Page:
I don’t mean to seem ungrateful, but the truth is, I am. Being ungrateful is the first rule of magazine writing, the second and third rules of which are to issue sweeping pronouncements about people and places that you know very little about and to never, ever miss your deadlines. it is also a fact that the best magazine writers hit their peak within a decade or so of leaving college. By the time you make it to your late thirties, you should be thinking about getting a paying job and supporting a family somewhere outside New York. Magazine writers who survive into middle age are marvels of nature, or independently rich, or half-crazy, retailing fables about government secrets which are in turn part of larger conspiracies that never quite make their way into print. My advice for young writers who think about writing for magazines is to stay at home and sponge off your parents. Marry rich. Get thee to a gym. Spend a month holed up in some miserable Holiday Inn in the sticks, and then another two months trying to make sense of the sodden squiggles in your notebooks and dozens of hours of stoned conversation, and you’ll wish that someone like me had offered you this advice much earlier, and that you had chosen to purse a career in accounting like you Uncle Maury.

***

Writing for magazines, I learned, is a game that is played by different rules than the game of literature. The collision between sensibility and reality is in part a function of speed. You have to be ready to roll when you hit the ground, spring to your feet, notebook in hand, and start writing. A person can absorb these repeated impacts only a limited number of times. I went to California and found pyramid schemes which rooked Russian immigrants into selling high-priced phone time to their friends and neighbors. I went to rehab and found crack-smoking moneys locked in cages.

My premonitions in cabs and diners that there was something weird in the air was proven right – but I was looking in the wrong places. Around the corner from my apartment in Brooklyn was the mosque where the first World Trade Center bombing plotters used to meet. I never believed in politics as the answer to anything. The terrorists didn’t believe in politics, either. They believed in murder. After the attacks of September 11, 2001, I first made sure that my brother was okay, and then I went to the broken Pentagon, where the secretary of defense described what lay ahead as a second Cold War, a statement that led the nightly news in Germany but was not reported at home. I sat at home for a year and listened to records, and got married to the girl I was with when the planes hit the towers. I love her so much. When she got pregnant we went to Montana, which is truly the most beautiful state.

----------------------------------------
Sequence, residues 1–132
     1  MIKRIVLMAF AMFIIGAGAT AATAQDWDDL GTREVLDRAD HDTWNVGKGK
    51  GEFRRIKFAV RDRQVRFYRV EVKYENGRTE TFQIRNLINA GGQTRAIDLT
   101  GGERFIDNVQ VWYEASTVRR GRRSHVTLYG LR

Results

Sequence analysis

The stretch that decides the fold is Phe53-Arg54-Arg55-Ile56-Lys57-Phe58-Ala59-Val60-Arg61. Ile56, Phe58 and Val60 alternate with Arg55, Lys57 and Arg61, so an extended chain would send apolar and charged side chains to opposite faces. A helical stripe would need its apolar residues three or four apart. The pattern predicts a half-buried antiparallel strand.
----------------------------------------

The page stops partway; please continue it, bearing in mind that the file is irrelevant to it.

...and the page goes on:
As the world changed, I began to experience what I did for a living as both difficult and shameful, a combination which left me feeling misunderstood. Exploring a complicated story in depth for four or five months, I would return to Manhattan and feel ashamed because the world that I saw was so different from what my editors saw. I felt ashamed at my mastery of the mimic’s art of throwing my voice just a bit to the side so that I might sound enough like the other writers to keep my work in print. I felt ashamed when I gave in on small points of fact and style that changed the meaning of what I saw and wrote. I felt ashamed as the fact that I was in my late thirties, and my bank account was empty. I felt like a sucker.

***

What’s exciting about writing for magazines is the knowledge that the game can be won or lost in the last two minutes, as the copy editor jams up the rhythm of the opening paragraphs, or the fact-checker discovers that the opening scene of your article was described with a somewhat different slant in one of your notebooks. Writing, the kind that appears in novels and poems, aspires to aesthetic perfection-to the formal beauty of a painting or a photograph. Writing for magazines is like playing sports. Nothing ever goes exactly according to plan, but sooner or later, you may experience a few moments of perfection in the middle of the scrum. My magazine-writing career is officially over, but I will continue writing for magazines, of course, provided that my employers continue to publish my work. The sad truth is that I don’t know any other kind of life.

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~ by uvasig on June 19, 2009.